Toan: Up to now, we have only been able to create plants with one or two gene modifications, so the changes haven't been obvious. Some plants, with tens of genes modified, can prevent more plant diseases or problems. Then we will more clearly be able to see their effectiveness. But we have to start with small steps, right?

As a coastal country, Viet Nam really needs plants resistant to drought. Those plants would be very important for us.

Will GM plants have any negative impacts on the environment or hurt consumers at all?

Toan: The Ministry of Natural Resources and Environment has recently assessed the negative effects of GM plants. It carried out experiments based on recognised methodology, and the results confirmed that GM plants do not affect the environment, thus soothing concerns about the negative impacts of GM plants.

Nguyen Lan Dung, scientist

Nguyen Lan Dung

There has been no evidence to prove that GM products are bad for human health.

I think we are a little late in taking advantage of what GM plants have to offer. The slower we introduce GM plants, the more losses our farmers will have to suffer. These kinds of agricultural products have been in the market for a long time. We've imported genetically modified corn, soybeans and soybean meal from the US and China. Why don't we plant these on a large scale?

If GM plants have so many advantages, why do many countries still protest their use?

Toan: European countries do not want to use genetically modified plants because they want to focus on their own advantages – they want to develop other kinds of production. But for many American countries, like Brazil and the US, they have the demand for GM plants so they develop them and use them. I think it depends on the demand of each country.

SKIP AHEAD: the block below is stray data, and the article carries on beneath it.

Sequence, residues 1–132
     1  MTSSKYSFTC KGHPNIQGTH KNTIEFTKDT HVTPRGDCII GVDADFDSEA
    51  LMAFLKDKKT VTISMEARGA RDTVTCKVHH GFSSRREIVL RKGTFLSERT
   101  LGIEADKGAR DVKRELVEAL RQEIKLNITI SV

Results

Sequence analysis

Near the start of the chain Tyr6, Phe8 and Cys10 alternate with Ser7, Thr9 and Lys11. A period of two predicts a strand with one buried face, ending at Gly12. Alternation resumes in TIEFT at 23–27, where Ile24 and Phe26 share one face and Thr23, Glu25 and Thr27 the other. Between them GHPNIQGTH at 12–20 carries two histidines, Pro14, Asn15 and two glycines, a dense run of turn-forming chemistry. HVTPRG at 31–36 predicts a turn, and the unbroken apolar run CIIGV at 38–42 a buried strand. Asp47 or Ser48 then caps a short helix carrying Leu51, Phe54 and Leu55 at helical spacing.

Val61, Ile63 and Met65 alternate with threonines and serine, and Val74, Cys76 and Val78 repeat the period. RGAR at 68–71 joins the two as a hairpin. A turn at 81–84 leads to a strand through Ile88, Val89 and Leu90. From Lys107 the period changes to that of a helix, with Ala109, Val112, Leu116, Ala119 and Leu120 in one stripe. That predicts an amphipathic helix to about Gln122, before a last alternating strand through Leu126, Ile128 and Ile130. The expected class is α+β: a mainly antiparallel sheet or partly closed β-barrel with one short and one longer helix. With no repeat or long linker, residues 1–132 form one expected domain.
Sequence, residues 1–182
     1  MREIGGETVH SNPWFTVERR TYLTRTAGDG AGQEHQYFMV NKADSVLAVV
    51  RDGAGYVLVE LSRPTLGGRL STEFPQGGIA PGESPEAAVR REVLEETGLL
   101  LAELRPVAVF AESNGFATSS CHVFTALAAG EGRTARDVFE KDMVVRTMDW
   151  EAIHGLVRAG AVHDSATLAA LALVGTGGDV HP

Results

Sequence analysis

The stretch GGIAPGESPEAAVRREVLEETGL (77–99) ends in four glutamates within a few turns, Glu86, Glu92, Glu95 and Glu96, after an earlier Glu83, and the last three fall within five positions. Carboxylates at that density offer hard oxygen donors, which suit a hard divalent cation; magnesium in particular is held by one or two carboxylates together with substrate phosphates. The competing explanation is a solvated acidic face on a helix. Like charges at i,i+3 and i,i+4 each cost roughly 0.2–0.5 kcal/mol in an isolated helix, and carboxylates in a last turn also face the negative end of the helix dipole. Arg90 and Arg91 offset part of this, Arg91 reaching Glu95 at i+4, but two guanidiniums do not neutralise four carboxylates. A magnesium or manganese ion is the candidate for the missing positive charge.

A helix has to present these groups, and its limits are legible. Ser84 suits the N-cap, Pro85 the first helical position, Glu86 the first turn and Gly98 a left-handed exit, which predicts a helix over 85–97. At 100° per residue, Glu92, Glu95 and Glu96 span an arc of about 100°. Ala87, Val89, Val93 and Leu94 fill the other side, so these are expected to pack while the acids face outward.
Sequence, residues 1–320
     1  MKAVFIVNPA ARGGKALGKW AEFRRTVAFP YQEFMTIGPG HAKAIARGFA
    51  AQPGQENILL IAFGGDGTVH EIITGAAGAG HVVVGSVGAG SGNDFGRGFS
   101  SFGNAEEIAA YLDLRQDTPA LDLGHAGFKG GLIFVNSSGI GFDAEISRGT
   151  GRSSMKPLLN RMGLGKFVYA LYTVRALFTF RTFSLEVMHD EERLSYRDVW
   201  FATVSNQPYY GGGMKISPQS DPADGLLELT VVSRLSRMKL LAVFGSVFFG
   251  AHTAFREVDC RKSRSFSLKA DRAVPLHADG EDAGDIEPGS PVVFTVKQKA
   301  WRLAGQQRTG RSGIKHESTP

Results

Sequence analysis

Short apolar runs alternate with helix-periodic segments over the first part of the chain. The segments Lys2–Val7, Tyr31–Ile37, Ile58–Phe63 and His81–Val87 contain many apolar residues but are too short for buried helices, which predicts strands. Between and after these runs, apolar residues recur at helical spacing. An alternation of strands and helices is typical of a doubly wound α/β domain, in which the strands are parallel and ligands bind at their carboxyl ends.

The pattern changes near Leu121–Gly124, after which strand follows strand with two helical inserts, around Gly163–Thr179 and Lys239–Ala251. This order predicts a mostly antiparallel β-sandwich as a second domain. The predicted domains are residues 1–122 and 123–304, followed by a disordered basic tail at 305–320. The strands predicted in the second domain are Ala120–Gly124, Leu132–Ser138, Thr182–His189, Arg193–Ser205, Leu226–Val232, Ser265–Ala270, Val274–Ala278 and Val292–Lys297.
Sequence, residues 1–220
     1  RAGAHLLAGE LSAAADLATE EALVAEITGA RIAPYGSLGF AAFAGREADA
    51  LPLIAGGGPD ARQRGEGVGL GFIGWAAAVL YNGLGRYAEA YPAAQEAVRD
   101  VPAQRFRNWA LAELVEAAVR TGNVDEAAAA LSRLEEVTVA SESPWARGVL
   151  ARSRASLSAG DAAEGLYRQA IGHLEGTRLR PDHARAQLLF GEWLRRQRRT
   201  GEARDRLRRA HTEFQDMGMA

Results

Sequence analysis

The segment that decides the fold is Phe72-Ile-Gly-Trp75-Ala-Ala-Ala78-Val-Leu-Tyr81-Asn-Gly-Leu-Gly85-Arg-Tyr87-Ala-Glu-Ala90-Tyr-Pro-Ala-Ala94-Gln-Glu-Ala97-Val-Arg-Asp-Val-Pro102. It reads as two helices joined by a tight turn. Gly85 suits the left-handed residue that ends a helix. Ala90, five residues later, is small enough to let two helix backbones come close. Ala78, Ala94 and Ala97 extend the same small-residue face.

Dung: I think countries that are not in favour of GM products just prefer organic or natural products. I think it's the duty of the authorities to provide information about GM products.

Complicated procedures and a bias against genetically modified plants were the main reasons for the delay in using biotechnology. Scientists must contribute evidence that proves these plants are harmless to human and animal health. They are just like other kinds of crops.

Viet Nam imports corn and soybeans mostly from the US, Argentina and Brazil, where over 90 percent of those products are genetically modified. Does this means that Viet Nam has consumed food containing GM crops for the past decade? It seems like consumers in Viet Nam do not know they are already using GM products.

Toan: In 2010, after the Law on Biodiversity was passed, we started to require labels on products that are more than 5 per cent genetically modified.

The ministry manages these products. It has finished drafting a document on labeling GM products. The document has been sent to experts, ministries and sectors for recommendations, so we can issue official regulations on labeling GM products by the end of 2014.

I agree that many consumers do not know about GM products or that they are using GM products, since they have little information. This needs to be made clear and public to consumers. - VNS